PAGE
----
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Germany

2 bytes added, 12:48, 4 January 2013
Post-World War II: better wording
====Post-World War II====
 After the devastating defeat in World War II (1939-1945), Germany was divided into four sectors, controlled by the French, British, US and Soviet forces. United Kingdom and the US decided to merge their sectors, followed by the French. Silesia, Pomerania and the southern part of East Prussia came under Polish administration according to the international agreement of the allies. With the beginning of the Cold War, the remaining central and western parts of the country were divided into an eastern part under Soviet control, and a western part which was controlled directly by the Western Allies. The western part was transformed into the ''Federal Republic of Germany (FRG)'', a democratic nation with [[Bonn]] as the provisional capital city, while the Soviet-controlled zone became the communist/authoritarian Soviet style ''German Democratic Republic (GDR)''. Berlin had a special status as it was divided among the Soviets and the West, with the eastern part featuring as the capital of the GDR. The western sectors of Berlin (West Berlin), was ''de facto'' an exclave of the FRG, but formally governed by the Western Allies. On August 13, 1961 the ''Berlin Wall'' was erected as part of a heavily guarded frontier system of border fortifications. As a result , between 100 and 200 Germans trying to escape from the communist dictatorship were murdered here in the following years to come.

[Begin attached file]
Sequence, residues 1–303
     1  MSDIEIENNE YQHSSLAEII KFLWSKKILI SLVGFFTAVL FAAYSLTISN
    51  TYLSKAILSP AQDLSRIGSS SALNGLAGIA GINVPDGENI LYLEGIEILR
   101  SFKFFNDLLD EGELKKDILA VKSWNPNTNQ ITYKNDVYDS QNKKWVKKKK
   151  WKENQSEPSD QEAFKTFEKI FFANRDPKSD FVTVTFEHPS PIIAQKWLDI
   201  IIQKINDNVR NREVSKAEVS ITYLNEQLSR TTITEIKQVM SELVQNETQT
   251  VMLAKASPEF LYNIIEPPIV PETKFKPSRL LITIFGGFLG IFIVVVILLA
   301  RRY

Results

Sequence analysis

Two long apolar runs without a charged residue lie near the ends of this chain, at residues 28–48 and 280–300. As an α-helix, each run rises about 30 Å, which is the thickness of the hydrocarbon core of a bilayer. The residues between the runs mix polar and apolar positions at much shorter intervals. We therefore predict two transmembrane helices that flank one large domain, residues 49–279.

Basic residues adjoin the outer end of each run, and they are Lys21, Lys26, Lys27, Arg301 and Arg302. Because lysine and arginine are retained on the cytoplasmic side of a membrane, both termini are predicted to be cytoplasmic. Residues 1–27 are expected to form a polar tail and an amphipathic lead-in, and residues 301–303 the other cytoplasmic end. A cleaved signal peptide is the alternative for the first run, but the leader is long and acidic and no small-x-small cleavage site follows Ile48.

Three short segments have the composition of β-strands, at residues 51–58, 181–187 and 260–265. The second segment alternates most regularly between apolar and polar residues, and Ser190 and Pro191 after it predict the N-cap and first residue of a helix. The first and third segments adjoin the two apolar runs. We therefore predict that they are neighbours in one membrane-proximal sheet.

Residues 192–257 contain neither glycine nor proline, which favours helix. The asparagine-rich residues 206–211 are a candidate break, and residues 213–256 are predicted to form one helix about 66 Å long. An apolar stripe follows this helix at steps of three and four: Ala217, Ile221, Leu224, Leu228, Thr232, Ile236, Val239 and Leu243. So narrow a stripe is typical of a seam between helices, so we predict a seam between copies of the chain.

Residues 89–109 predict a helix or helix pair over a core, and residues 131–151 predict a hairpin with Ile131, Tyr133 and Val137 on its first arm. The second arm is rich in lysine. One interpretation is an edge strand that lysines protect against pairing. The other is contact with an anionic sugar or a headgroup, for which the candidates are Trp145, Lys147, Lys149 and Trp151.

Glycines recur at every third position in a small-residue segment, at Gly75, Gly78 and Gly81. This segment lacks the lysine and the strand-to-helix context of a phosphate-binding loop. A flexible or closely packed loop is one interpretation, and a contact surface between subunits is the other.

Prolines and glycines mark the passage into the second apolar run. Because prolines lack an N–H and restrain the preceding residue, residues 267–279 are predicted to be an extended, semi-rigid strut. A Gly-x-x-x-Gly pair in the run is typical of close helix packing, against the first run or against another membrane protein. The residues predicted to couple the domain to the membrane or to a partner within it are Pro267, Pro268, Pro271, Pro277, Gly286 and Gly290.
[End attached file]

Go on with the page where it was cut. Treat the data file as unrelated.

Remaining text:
In the late 1960's a sincere and strong desire to confront the Nazi past came into being. Students' protests beginning in 1968 successfully clamoured for a new Germany. The society became much more liberal, and the totalitarian past was dealt with more unconcealed than ever before since the foundation of the FRG in 1949. Post-war education had helped put Germany among countries in Europe with the least number of people subscribing to Nazi or fascist/authoritarian ideas. Willy Brandt became chancellor in 1969. He made an important contribution towards reconciliation between Germany and the communist states including important peace gestures toward Poland.
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